47: The Power of Positive Pigheadedness

47: The Power of Positive Pigheadedness

From Chicken Soup for the Soul: Reboot Your Life

The Power of Positive Pigheadedness

A dream doesn’t become reality through magic; it takes sweat, determination and hard work.

~Colin Powell

“I’m too old,” I wailed. “No one wants to hire a middle-aged woman. I’m doomed. What am I going to do?”

As dramatic as it sounded, I was dead serious. After my divorce, I felt so defeated and hopeless I really believed I would end up destitute.

The jobs I qualified for wouldn’t pay enough to support a household, and I was past the age where moving up the ladder was a likely option.

“You should start a business,” a friend advised.

“Doing what?” I was still mired in self-pity. During my married life, I’d focused on raising my children, supporting my husband’s endeavors and publishing a few books and articles on the side. I knew I could write well, but even though I’d been publishing for decades, I’d never made any real money doing it.

She shrugged. I realized no matter how much she wanted to help, I had to find my own solution.

As I saw it, I had two choices: wallow or get creative.

I tried wallowing for a while. It didn’t suit me. Too passive.

So, I took an inventory. What did I have going for me? I sat down and made a list of my existing talents and abilities. I included my curiosity, love of learning and stubbornness. My pig-headedness was legendary. Silly me, for years I thought it was a fault. Little did I know it would be the secret ingredient that would take me from despair to destiny.

Personality assessments helped me identify my strengths. One test said that my smartest career move would be “any job where you’re paid to be opinionated.”

I looked in the paper but didn’t see anything that met that criterion.

I could get paid for my opinions if I had my own business, but if I wanted people to listen, I had to have information worth hearing.

It wasn’t a straight line from where I was to where I wanted to end up. My long-term goal required training, and the short-term goal, survival, demanded an income. Fitting both into my days wouldn’t be easy.

I tried different combinations of paid work and study time. I sampled jobs the way Goldilocks tried porridge. One was too hot, another too cold. In the background, hungry bears hovered, ready to eat me if I didn’t keep moving forward.

I tried real estate, then retail sales. The Christmas chaos renewed my commitment to make a change.

My marketing and advertising background was an asset, but times had changed. To catch up, I would dive into this new world, reading and doing research, taking online classes and soaking up knowledge. I got a job with a software company managing their social media. This was a while ago, when social media was still a new concept. It was a disaster.

The experience made me want to understand what went wrong.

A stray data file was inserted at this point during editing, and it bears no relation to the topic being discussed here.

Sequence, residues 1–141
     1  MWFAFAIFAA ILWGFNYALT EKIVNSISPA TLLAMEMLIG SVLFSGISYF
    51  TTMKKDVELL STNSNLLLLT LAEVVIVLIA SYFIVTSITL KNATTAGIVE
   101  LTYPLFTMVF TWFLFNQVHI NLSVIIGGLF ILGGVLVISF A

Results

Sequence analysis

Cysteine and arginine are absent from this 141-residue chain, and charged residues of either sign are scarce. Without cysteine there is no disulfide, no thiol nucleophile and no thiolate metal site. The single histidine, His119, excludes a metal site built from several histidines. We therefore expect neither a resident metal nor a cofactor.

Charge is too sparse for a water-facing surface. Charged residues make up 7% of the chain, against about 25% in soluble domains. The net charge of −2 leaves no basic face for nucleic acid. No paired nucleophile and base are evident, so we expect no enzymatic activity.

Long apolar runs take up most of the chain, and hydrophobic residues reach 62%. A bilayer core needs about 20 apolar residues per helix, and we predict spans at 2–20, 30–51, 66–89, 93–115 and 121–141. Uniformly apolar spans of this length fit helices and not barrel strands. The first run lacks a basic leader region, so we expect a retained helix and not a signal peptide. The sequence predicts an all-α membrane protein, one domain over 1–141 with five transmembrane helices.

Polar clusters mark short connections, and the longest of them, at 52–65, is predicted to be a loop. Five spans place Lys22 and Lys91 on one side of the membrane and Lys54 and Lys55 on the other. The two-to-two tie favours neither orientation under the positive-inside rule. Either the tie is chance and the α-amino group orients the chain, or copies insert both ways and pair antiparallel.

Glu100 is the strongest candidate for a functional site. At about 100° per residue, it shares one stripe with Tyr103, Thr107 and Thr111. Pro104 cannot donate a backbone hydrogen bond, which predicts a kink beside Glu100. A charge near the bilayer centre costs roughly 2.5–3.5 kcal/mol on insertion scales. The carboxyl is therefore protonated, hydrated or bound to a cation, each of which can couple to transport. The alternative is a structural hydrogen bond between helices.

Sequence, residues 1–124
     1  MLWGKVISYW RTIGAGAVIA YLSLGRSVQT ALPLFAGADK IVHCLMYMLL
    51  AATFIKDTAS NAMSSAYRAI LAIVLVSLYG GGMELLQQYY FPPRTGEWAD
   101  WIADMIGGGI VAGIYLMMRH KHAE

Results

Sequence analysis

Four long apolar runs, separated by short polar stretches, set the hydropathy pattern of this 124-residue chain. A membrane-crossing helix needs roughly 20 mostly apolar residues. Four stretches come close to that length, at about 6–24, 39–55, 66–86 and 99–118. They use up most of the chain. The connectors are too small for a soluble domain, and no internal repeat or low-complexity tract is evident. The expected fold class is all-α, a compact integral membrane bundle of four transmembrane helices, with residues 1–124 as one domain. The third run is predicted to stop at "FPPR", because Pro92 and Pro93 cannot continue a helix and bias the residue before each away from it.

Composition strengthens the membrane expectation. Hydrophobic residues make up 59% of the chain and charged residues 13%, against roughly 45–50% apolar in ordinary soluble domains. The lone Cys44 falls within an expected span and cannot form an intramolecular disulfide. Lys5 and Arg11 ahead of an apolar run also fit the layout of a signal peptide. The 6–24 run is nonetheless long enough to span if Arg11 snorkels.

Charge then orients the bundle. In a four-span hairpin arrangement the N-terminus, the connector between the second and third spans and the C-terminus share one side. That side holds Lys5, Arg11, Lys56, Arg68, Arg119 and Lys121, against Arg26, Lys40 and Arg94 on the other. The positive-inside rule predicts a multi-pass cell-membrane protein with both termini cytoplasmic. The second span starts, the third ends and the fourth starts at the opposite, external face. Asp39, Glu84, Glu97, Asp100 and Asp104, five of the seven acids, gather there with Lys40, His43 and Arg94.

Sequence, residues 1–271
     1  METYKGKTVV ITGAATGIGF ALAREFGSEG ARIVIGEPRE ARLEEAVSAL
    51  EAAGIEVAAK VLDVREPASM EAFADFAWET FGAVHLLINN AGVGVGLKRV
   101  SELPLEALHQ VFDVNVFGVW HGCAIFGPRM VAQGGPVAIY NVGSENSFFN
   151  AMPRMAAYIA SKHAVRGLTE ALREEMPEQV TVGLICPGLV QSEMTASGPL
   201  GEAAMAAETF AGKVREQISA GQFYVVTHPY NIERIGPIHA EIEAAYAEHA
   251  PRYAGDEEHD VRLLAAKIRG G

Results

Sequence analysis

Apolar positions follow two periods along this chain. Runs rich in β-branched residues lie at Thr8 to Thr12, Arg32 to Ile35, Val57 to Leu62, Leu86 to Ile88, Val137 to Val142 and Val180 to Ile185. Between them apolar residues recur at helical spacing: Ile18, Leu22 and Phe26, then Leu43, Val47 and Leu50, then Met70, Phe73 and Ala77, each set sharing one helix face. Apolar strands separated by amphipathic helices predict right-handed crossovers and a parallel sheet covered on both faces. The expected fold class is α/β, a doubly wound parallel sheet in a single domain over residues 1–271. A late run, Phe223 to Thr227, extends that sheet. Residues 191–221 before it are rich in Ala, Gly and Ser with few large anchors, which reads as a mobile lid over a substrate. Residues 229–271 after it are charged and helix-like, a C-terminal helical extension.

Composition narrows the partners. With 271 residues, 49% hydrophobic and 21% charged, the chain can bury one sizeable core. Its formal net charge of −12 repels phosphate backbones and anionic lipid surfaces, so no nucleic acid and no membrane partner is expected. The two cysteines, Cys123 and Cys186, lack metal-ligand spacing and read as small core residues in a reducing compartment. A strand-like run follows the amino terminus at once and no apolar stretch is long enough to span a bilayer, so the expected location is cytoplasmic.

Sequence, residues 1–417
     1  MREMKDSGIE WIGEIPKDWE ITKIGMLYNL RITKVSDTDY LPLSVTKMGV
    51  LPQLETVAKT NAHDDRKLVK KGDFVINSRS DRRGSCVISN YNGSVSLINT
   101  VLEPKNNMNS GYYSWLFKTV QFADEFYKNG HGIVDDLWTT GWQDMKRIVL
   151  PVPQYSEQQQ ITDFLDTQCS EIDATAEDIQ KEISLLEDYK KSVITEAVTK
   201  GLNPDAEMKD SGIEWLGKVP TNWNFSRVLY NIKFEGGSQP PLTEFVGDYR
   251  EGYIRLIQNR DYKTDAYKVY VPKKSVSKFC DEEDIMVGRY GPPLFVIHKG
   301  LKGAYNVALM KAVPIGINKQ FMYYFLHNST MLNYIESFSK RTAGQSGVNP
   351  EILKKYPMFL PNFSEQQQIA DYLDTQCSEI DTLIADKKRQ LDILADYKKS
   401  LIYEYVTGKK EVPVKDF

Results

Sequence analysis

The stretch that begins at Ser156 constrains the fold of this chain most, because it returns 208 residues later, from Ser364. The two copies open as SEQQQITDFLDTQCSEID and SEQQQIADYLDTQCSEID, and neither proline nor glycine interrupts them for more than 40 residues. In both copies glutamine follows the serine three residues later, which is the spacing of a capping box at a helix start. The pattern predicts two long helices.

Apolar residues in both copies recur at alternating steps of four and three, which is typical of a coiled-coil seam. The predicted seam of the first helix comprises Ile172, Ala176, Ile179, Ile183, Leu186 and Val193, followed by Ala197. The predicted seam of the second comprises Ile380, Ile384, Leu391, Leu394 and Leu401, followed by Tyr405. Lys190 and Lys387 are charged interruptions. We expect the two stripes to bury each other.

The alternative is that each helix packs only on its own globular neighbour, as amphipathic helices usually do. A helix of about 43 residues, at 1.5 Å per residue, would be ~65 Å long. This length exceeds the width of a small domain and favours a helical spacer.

If it’s true you learn more from your failures than from your successes, I was on the fast track to becoming an expert.

I took a novice class on how to build websites.

Yikes! There was so much information. Most of it was over my head. I struggled, fell behind and dropped out.

At this point, my secret ingredient, politely referred to as tenacious determination, kicked in. I refused to abandon my goal.

This was not going to defeat me.

A few months later, I took the course again. This time I kept extensive notes and did every assignment.

Things were beginning to make sense.

I made websites for family members and for myself. They were pretty simplistic, but gave me a chance to practice. I experimented, crashing my own sites, then figuring out how to fix them.

Tackling and solving problems increased my confidence.

I took an advanced website development course. Again I found myself over my head, so I repeated it until I got it.

The next step required finding real clients.

Terrified and tentative, I forced myself to go to professional mixers and events, where I tested out my elevator speech.

Initially I led with my identity as a writer. This usually ended the conversation.

I reframed my introduction.

“I build websites,” I told them. “And help companies and individuals with marketing and promotion.”

People hired me.

I’d done it!

I built a business from scratch. Taking what I knew and expanding it, ignoring the negative little voices along they way that insisted I couldn’t do it.

It’s been five years now and I’ve settled into my niche. Websites and graphic design keep the hungry bears satisfied, and I write every day. I’ve found a balance doing work I love.

Rebooting a computer clears out the old cache, eliminating those things that prevent it from functioning well.

Rebooting a life does the same. It’s a fresh start, bringing together who you are, what you know, what you’re willing to learn, and where you want to go.

And don’t forget the power of positive pig-headedness. It’s the final ingredient that can make all the difference in your success.

~Lynn Kinnaman

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